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Scientists clone facial expressions

1st June 2009

Scientists have developed a new way of cloning facial expressions, which they claim will help better understand what influences human’s behaviour when they communicate with each other.

Research published in the journal Language and Speech outlines the new technique which tracks facial expressions and head movements during a video conference. It maps these movements to models ? producing a ‘cloned’ face.

The authors claim the e movements can be manipulated live to alter the apparent expressiveness, identity, race, or even gender of a talker.

The new cloning technique is already being used by psychologists to challenge pre-conceived assumptions about how humans behave during conversations.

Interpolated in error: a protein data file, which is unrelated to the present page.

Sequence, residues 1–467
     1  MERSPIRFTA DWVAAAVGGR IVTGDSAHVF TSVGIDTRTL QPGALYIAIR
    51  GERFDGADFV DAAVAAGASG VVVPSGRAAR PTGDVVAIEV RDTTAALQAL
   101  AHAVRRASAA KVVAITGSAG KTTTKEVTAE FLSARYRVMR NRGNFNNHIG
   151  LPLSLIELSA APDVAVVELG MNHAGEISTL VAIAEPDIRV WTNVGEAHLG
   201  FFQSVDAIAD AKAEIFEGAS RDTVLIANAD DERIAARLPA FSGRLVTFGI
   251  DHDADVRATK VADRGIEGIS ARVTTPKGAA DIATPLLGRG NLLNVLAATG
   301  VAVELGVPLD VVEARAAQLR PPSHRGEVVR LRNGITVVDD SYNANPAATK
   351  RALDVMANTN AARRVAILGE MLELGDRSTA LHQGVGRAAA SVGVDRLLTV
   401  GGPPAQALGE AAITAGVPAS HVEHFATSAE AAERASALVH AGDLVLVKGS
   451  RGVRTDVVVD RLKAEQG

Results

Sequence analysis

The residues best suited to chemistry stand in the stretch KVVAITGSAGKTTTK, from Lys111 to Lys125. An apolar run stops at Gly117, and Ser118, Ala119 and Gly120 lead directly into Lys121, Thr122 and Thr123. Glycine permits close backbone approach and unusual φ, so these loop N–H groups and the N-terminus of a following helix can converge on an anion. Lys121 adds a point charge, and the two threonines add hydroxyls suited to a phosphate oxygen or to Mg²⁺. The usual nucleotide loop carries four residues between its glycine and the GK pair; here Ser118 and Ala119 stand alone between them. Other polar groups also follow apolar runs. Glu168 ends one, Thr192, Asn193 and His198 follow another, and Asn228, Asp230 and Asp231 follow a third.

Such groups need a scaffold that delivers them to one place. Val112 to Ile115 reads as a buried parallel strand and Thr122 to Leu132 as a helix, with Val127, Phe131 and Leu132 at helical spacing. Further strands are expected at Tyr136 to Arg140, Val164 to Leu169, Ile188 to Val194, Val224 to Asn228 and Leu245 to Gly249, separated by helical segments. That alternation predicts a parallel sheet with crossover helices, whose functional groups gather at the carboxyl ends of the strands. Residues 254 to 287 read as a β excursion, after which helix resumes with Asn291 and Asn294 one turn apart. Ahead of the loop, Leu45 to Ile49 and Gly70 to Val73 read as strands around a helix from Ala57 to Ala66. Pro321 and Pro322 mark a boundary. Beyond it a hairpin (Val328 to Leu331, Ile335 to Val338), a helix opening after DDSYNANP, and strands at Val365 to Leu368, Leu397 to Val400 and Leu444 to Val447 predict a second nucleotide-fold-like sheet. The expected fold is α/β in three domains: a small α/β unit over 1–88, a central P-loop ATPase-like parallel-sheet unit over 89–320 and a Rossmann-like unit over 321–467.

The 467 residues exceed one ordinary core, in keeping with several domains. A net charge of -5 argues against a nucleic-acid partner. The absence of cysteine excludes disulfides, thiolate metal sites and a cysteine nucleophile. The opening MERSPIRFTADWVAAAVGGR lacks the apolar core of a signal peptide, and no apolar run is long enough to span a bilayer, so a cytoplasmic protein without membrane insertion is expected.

For example, people tend to move their head differently when talking with a woman as opposed to a man.

The new technique shows the difference is less to do with the appearance of the conversational partner, but more to do with the way they move.

Commenting on the results, Dr Theobald, from the UEA’s School of Computing Sciences, said: “Spoken words are supplemented with non-verbal visual cues to enhance the meaning of what we are saying, signify our emotional state, or provide feedback during a face-to-face conversation.

“This exciting new technology allows us to manipulate faces in this way for the first time.”

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